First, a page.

The term “global imaginary” is associated with Global Studies scholar Manfred B. Steger, who describes the phenomenon in his 2009 book “The Rise of the Global Imaginary and the Persistence of Ideology”:
Let me suggest that there is, indeed, something genuinely new about today’s isms. These shared mental maps that help us navigate our political universe no longer correspond neatly to our familiar mental and geographical spaces built over two centuries on the foundation of sovereign and self-contained nation-state. Instead, ideologies have begun to translate into political programs and agendas of what I call the ‘global imaginary’. What I mean is a shared sense of a thickening world community, bound together by processes of globalization that are daily shrinking our planet. The rising global imaginary finds its articulation not only in the ideological claims of political leaders and business elites who reside in privileged spaces around the world. It also fuels the hopes, disappointments, and demands of migrants who traverse national boundaries in search of their piece of the global promise. In fact, the global imaginary is nobody’s exclusive property. It inhabits class, race, and gender, but belongs to neither. It is an impressive testimony to the messy superimposition of the global village on the conventional nation-state.
Of course, Steger’s idea finds some roots in the work of Benedict Anderson and his notion of Imagined Communities. Anderson relies, in part, on the idea that nations are communities that rely on mediated communication, on mass media, for their coherence rather than geographic proximity. The scale of a nation is too large to rely on face-to-face socialization, and so imagination comes into play. Marshall McLuhan’s aphorism “the global village,” seen in bold above, describes the intensification of relations brought about by electronic communication, where the perception of time and space are transformed, producing a new social arrangement…a new imagination. This is all fairly standard fare in media and globalization circles for the most part. My work involves all of these concepts and then some, but the truth is, I feel as though I’m looking in a rear view mirror, to borrow from another McLuhan wordplay. Electronic technology has been with us for generations now. The evolution of the form has smacked us all in the face, and we’re now seeing an incredibly intense manifestation of electric speed and range today. It’s a very conscious turn of events for the time being, although it’s been with us for a century.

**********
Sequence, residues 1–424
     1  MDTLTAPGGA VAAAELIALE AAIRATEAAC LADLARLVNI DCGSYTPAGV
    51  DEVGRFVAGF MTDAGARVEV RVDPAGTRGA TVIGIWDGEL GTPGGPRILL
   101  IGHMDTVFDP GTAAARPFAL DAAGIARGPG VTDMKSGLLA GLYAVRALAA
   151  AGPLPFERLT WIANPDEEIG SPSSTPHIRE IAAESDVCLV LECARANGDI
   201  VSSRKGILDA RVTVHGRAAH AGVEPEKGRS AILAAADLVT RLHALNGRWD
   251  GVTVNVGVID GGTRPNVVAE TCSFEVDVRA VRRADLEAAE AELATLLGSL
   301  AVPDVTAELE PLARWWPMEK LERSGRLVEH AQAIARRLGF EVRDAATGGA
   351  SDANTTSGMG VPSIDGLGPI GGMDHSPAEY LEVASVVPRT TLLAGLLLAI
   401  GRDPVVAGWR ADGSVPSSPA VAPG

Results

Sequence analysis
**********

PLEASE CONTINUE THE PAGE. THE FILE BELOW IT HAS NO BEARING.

The next “big thing” on the horizon, despite what you may hear about Google cars, robots, and uploaded consciousness, is the turn in quantum communication that’s likely to transform everything we currently know about the transmission of data. In communication scholarship circles, we frequently note the limitation of the transmission view of communication as essentially an engineering perspective, but it’s noteworthy that most communication breakthroughs occur in the solving of problems related to transmission, and later manifest culturally in the ritual forms that shape who we become as a result of our new capabilities. We’re just screwing our heads on about what digital communication means, culturally, but “the future seems to be now” with respect to quantum forms of transmission. If Sputnik ushered in the era of the global theater, as McLuhan argued, what does this quantum turn bring about? I’m going to jump out ahead of this and argue that some form of quantum imaginary will become important to our worldview. Zooming out produced a sense of unity during the global era. It’s argued, for instance, that the environmental movement owes much to the Earthscape photo that showed us, once and for all, that we’re part of a single matrix of air and water and earth. Is the quantum level too obscure to expect the same shift in perception? The fact that we can’t recognize the building blocks may limit the imagination, or perhaps it will make the imagination run wild. After all, it is our human tendency to create impressions of the things we can’t perceive or articulate with our standard senses and language. Will the quantum turn be marked by an inventiveness of language that captures the microscopic level, for better or for worse?
I’m going to keep my eyes on this because it’s what I do and the whole thing is super intriguing. I have more floating around in my noggin’ with respect to the quantum imaginary, but I’ll let it marinate and release it from time to time. Feel free to chime in….